Ohio State introduces new community patrol team to address off-campus crime

The Lantern
Buckeye Block Watch, a crime patrol team, will use a vehicle to patrol the off-campus area. Credit: Jessica Orozco | Asst. Campus Editor

Ohio State will add another community patrol team to the off-campus area Wednesday through Saturday nights.

University President Kristina M. Johnson announced Buckeye Block Watch, a crime patrol team that will join Community Crime Patrol , campus service officers and police officers in patrolling the off-campus area, in a universitywide email Friday.

“This initiative encourages residents to play a role in getting to know one another and look out for another,” Johnson said. “Buckeye Block Watch reinforces that the University District is our neighborhood, a place where we take care of each other and are together as a community.”

Johnson said Buckeye Block Watch members, who are not sworn law enforcement and do not carry weapons, will patrol on foot, bike and in a vehicle Wednesday through Saturday from 7 p.m. to 3 a.m., with an increased presence on home football game days.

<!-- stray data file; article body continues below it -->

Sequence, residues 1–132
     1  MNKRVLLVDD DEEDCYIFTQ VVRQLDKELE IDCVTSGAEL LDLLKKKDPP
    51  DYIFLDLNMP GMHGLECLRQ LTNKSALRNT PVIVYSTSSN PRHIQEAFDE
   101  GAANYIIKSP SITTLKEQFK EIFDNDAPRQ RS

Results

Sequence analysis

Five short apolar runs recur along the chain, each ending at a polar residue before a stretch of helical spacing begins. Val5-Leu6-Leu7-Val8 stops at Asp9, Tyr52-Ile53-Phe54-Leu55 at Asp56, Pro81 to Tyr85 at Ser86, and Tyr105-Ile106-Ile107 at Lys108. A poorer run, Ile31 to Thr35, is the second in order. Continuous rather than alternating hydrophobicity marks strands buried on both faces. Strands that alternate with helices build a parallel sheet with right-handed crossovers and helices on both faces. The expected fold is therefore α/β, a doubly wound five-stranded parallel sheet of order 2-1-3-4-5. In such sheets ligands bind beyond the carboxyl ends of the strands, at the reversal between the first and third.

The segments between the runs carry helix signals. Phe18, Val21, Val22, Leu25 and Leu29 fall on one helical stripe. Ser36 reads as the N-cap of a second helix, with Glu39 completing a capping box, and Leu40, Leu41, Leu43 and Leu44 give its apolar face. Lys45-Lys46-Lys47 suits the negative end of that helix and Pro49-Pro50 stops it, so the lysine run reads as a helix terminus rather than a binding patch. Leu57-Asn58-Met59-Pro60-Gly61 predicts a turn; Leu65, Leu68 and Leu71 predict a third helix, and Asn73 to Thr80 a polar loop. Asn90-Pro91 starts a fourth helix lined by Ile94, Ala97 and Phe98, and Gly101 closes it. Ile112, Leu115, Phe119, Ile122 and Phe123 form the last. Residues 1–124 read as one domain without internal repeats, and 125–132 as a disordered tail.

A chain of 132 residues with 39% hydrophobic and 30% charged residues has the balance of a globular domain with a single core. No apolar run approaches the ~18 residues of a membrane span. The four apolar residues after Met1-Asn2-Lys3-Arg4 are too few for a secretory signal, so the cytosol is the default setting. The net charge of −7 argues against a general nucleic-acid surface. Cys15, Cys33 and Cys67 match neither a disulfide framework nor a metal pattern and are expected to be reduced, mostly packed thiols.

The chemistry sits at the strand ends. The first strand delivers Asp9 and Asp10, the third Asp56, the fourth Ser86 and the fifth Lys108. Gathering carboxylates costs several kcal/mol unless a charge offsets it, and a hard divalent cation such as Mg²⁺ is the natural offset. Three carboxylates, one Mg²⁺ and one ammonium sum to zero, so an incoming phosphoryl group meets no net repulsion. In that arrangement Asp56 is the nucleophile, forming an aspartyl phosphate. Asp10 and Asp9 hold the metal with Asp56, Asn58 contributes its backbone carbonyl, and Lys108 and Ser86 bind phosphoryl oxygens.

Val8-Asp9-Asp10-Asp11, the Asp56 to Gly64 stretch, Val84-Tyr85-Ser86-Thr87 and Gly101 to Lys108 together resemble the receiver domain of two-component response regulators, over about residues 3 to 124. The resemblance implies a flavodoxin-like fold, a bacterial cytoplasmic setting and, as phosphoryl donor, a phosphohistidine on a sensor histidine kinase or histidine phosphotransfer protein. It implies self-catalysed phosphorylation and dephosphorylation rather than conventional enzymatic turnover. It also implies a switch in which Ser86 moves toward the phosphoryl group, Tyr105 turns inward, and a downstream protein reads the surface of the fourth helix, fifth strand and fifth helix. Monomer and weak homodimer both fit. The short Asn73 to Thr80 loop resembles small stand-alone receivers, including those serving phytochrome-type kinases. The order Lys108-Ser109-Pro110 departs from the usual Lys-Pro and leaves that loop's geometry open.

University spokesperson Dave Isaacs said Buckeye Block Watch employees are from both Community Crime Patrol and Block by Block, to provide more coverage of the off-campus area. Block by Block is a security services company whose members wear bright orange gear to be easily identifiable to the public, according to the Office of Student Life’s website .

According to the website, members receive “extensive training” in mental health responses, first aid, CPR and other situations.

TJ Logan, associate vice president for the residential experience in the Office of Student Life, said the university introduced Buckeye Block Watch after listening to the community.

“Buckeye Block Watch is really just an evolution and continued work that we’re doing to try to keep our students safe in the adjacent communities to campus,” Logan said.

Angela Fredriksson, co-founder of Buckeyes for a Safe Ohio State, a parent group which promotes student safety, said she believes Buckeye Block Watch will be a positive supplement to the police presence around campus.

“I think that for those that may not be comfortable or wanting to use the services of the police, I feel that it gives those students and community members an additional safety resource that they can hopefully feel comfortable going to,” Fredriksson said.

Fredriksson said while she believes the program is a step in the right direction, she’d like to see the increased game day patrols each day of the week.

Logan said these patrol members aim to protect everyone in the off-campus area.

“It’s about folks who are a part of that community who are engaging with students who understand who our students are,” Logan said.

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